While developing a new program, “Beyond Pink,” I came to a personal realization. Like Elisabeth Kübler-Ross‘ five stages of grief, I’ve moved through four distinct emotional stages of pink. Kuber-Ross outlined a series of emotional stages for death and dying: denial, anger, bargaining, depression, and acceptance. While researching the history of pink for a presentation at a cancer resource center, I was able to reflect on and compartmentalize my feelings as I moved through treatment. There is no research in connection with my stages of pink, only personal insights. Feel free to substitute the color pink with the color that represents your cancer or ailment. The world doesn’t revolve around pink, though during the month of October, one begins to wonder, but that’s for another blog. The four stages include: universal support, treatment turmoil, end of treatment and moving on. Let’s look at each of these separately.
First, Universal Support. This first stage is where we all start before cancer comes knocking at our door. It is a time for family and friends to engage in the larger cause of supporting a friend with (breast) cancer. The experience is second-hand and well meaning, but not first hand. I liken this to a time when my husband and I created a team at the ACS Relay for Life for our Confirmation class. We raised money, made team shirts, participated in the event, cheered on cancer survivors from the stands and walked laps of the track in support of “the cause.” It could also mean sponsoring a friend who is running or walking for a cause. Our donation feels good and it is something we can do to show others we care about what they are going through and do our small part to help work towards a cure.
Second is Treatment Turmoil. This is the stage that begins once you are diagnosed with cancer. You’ve now crossed the line to cancer patient. Pink now means something different to you during the month of October. It may make you angry when you see the ribbon emblazoned on products you need to purchase or you may feel supported. There is no right way to feel. Some will recoil from friends and family, others will proudly engage in events as a survivor. I recall participating in the same ACS Relay for Life event, this time invited to the survivor tent for dinner, prizes and a purple shirt. As I inked my handprint on the banner with purple paint, it branded my crossing over to Treatment Turmoil. Sitting on the track now instead of the stands and parading around the track as a survivor felt both weird and surreal. The stands full of Universal Supporters were now trying to honor and lift me up; it was both an uncomfortable, yet somehow supportive feeling.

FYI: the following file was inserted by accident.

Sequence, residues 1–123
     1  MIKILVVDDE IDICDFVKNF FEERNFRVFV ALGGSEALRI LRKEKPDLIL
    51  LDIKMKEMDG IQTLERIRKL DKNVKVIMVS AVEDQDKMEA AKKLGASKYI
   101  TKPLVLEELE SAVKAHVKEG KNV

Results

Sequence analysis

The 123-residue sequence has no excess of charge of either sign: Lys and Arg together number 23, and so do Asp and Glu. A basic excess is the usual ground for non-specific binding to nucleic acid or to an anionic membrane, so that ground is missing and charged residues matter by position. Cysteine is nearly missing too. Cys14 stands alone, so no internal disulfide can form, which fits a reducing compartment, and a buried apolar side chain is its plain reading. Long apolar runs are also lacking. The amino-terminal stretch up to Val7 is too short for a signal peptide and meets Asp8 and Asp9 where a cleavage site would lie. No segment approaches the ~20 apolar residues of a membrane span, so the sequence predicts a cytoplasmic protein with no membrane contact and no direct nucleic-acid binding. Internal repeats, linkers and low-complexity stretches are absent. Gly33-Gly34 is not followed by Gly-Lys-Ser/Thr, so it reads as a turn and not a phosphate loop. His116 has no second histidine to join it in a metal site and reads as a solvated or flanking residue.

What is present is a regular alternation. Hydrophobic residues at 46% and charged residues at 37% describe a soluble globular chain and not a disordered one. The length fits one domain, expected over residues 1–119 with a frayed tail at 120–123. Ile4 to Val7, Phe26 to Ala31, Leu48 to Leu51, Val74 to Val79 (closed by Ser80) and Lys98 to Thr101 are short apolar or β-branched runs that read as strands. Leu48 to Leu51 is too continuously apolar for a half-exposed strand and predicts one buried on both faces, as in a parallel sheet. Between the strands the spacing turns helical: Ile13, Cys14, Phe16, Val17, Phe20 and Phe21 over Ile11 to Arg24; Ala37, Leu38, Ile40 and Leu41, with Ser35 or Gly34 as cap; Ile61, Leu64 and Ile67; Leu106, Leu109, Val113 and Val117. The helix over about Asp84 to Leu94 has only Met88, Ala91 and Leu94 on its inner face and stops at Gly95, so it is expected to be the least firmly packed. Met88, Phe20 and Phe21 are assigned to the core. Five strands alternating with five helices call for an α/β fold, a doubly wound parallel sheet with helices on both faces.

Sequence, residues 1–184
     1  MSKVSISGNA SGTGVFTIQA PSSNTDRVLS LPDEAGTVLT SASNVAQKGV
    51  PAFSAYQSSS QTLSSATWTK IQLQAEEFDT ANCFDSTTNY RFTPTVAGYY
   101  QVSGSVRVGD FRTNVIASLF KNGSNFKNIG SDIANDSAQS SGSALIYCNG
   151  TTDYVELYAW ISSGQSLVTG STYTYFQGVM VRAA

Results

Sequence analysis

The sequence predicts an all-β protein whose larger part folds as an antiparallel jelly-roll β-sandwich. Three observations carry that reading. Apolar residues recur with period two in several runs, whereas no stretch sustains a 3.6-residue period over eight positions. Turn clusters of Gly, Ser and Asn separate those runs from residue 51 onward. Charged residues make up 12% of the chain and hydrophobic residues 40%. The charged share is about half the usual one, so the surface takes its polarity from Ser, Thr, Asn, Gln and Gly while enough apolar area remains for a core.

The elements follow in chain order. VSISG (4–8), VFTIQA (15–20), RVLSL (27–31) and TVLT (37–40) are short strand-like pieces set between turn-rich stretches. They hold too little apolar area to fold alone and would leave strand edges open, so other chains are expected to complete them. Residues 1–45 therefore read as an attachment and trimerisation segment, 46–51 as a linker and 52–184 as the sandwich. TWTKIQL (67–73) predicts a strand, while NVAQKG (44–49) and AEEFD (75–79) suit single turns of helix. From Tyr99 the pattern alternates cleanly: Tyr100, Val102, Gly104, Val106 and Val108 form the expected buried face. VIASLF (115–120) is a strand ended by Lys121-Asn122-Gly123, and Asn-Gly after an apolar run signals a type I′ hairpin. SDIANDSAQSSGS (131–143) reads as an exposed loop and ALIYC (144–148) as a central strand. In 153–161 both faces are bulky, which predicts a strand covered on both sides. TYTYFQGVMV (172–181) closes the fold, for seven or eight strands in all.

The third stage is End of Treatment. It commences when you complete your treatment. For some, this is a stage filled with celebration, while for others it is clouded with depression and yet others feel like they want to give back. For me, I was hit immediately with a distinct feeling of fear and abandonment by my medical team. As I drove away from my last doctor’s appointment, I had no idea what I should be doing next. That might be because I had no cancer after care plan, but that is for another blog. I turned that fear around by focusing on my goal of participating in the upcoming Avon 2-Day walk. While training for that walk, the time set aside to walk and think were both therapeutic and part of my wellness plan to lose weight. Over the months, my fear turned into a sense of accomplishment and giving back when I reached the finish line 39.3 miles later at the end of the second day of the walk. This is the same year I sat in the stands again at the ACS Relay for Life. I somehow feel more comfortable in the stands rather than seated with the survivors on the field. Again, there is no right way to feel.
The fourth stage is Moving On. This is the time when you may want to forget about your cancer and treatment or help others through their cancer challenges. It may envelope you with the feeling you just want to feel or be treated normal again on one day and the next day you find yourself meeting a friend who just received news of a diagnosis. This is the stage I find myself in today. With a nagging thought now and again about recurrence, moving on is where I want to stay focused. As part of Moving On, I’ve set a new goal: walking The Camino, or Way of St. James with my husband in Spain in 2014. I’m a big believer of goal setting and encourage you to set goals no matter what stage you find yourself in today.
A final thought comes from interaction during my talk this week at Wellness Place. I was reminded that you may bounce back and forth through these stages as time moves on. A comment by a breast cancer survivor whose cancer has metastasized, is that you may not stay in any one stage and you can jump through stages out of order. We are human and shaped by our environment, support systems and circumstances. There is no right way to grieve and no prescribed way to feel. By acknowledging there are stages, maybe you won’t feel like your feelings are abnormal; you aren’t alone.
Wishing you love and support through all your stages, no matter where you are. Britta